Monday, August 9, 2010

Chokoloskee and learning: part I

So much to learn, so little time. So many errors, so many uncorrected. No one is perfect, but dang, it seems that every photo I consider at the top among a batch has some defect, missing element or something not right! Don't get me wrong, I'm not looking for sympathy, accolades or any form of reaction from anyone. But can the reader relate to this? If you identify your photography pasttime as anything more than a whimsy, I think you can.

While coming to terms with the fact that shooting from a canoe has several limitations and special challenges, it occurs to me that taking a hobby and seeing it evolve into a passion is wrought with cyclical highs and lows. It is during those low periods that one is closest to dropping out. I don't know why but for whatever reason, I recognize these low periods that are characterized by extreme amounts of self doubt and criticism as opportunities to achieve a higher level of sophistication. These periods are chaotic. But with the proper amount of resolve, chaos becomes order. And from order comes better photos, or at least that is what I hope for. Bring it on.

From a low period, I realized I needed to make a change to my boat. My approach toward wildlife is quiet, but sometimes that is interrupted by unintended noise coming from my boat. Because of how and where I am photographing, approaching wildlife is very difficult. My Kevlar Wenonah has aluminum gunwales and while they are practical, they are noisy. I have two serious noise issues when attempting to approach wildlife. One is from the paddle which I can set down across the aluminum gunwales/thwarts or place it on the floor with the paddle end at the bow of the boat. The other noise is from the metal carabiner that attaches the stake out pole or the anchor to the boat. When the line is pulled from the water, the carabiner is pulled out over the gunwales, which makes noise.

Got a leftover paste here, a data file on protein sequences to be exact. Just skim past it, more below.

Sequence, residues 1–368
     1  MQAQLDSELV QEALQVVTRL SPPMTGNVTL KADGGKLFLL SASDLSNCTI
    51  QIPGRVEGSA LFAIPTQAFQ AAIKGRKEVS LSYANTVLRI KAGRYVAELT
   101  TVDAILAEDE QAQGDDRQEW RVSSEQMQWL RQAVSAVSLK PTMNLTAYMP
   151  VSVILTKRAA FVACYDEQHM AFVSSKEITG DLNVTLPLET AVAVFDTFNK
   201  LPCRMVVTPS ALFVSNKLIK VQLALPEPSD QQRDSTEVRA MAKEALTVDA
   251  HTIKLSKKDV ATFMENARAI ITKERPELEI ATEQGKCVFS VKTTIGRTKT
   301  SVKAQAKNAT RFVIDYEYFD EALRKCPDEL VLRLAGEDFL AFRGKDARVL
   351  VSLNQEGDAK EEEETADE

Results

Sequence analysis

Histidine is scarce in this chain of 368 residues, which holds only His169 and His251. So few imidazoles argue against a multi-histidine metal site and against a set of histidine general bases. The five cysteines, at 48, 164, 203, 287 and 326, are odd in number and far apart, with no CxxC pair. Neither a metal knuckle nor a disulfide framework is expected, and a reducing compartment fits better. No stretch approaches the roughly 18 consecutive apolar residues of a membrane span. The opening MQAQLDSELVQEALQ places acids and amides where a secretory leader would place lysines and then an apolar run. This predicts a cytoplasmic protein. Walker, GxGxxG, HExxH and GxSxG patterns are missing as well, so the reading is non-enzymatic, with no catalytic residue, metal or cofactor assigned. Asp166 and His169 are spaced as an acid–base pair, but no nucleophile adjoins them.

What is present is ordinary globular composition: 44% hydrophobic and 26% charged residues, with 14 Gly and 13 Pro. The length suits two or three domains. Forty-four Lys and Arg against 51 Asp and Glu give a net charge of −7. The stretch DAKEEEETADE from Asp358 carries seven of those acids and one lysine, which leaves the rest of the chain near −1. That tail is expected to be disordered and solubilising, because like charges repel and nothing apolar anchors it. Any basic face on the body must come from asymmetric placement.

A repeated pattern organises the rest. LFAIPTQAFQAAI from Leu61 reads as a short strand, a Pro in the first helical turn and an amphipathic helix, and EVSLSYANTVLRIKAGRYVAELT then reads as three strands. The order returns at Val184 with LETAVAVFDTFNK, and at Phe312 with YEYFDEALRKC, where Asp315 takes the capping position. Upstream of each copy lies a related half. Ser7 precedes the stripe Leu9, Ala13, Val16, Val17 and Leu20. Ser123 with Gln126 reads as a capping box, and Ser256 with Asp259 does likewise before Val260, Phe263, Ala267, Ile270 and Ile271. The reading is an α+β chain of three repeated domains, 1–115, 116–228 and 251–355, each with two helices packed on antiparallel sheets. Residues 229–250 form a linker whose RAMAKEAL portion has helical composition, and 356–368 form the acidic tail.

Finally, I came to the realization that I cannot be as astutely aware of these potential noisemakers to avoid them as I would like to be. I needed to foolproof my boat so that I would not have to think about it. I went to Home Depot and got some pipe insulation, cut them to size and attached them to the gunwales between me and the bow. I placed one on the front thwart and the bow deck thwart and got 4 T-shaped insulators for where the thwart in front of me and behind me attach to the gunwales (see photo above). Those four points are where the carabiners contact the gunwales. With the gunwales covered, I can lay the paddle across them without concern for noise. I also placed a foam pad right at the bow where the paddle is set on the floor. Finally, I have a noise-proof boat! I tested it this weekend on Chokoloskee, a notoriously difficult place to photograph birds.

There is one other learning experience I have had. To shoot acceptably sharp photos of birds, especially those in motion, I needed some light power. To get it, I have turned to two different strategies. The first is the external flash. I know a wildlife photographer who never shoots without a flash, regardless of time of day. I'm not quite at that point when it comes to flash photography, but I am seeing more uses for it. The second strategy has to do with overcoming my fear of high ISO settings. Sony is not known for low noise at high ISO, so I avoid it as much as possible, typically not going higher than 400 (on the a700 400 is fine, but with the a100, it is not). I know of another photographer (sony user) who never goes higher than 200. OK, well, let's see how far I can push the limits of this Sony camera. To my surprise, I can jump it up to 800 and not have unreasonable amount of noise. In fact, I rarely shoot under 400 now a days and often sit at 640. With the higher ISO settings, early morning shooting is much more productive and I can use faster shutter speeds without compromising light. With the flash, high sunlight or cloud cover no longer mean putting away the camera.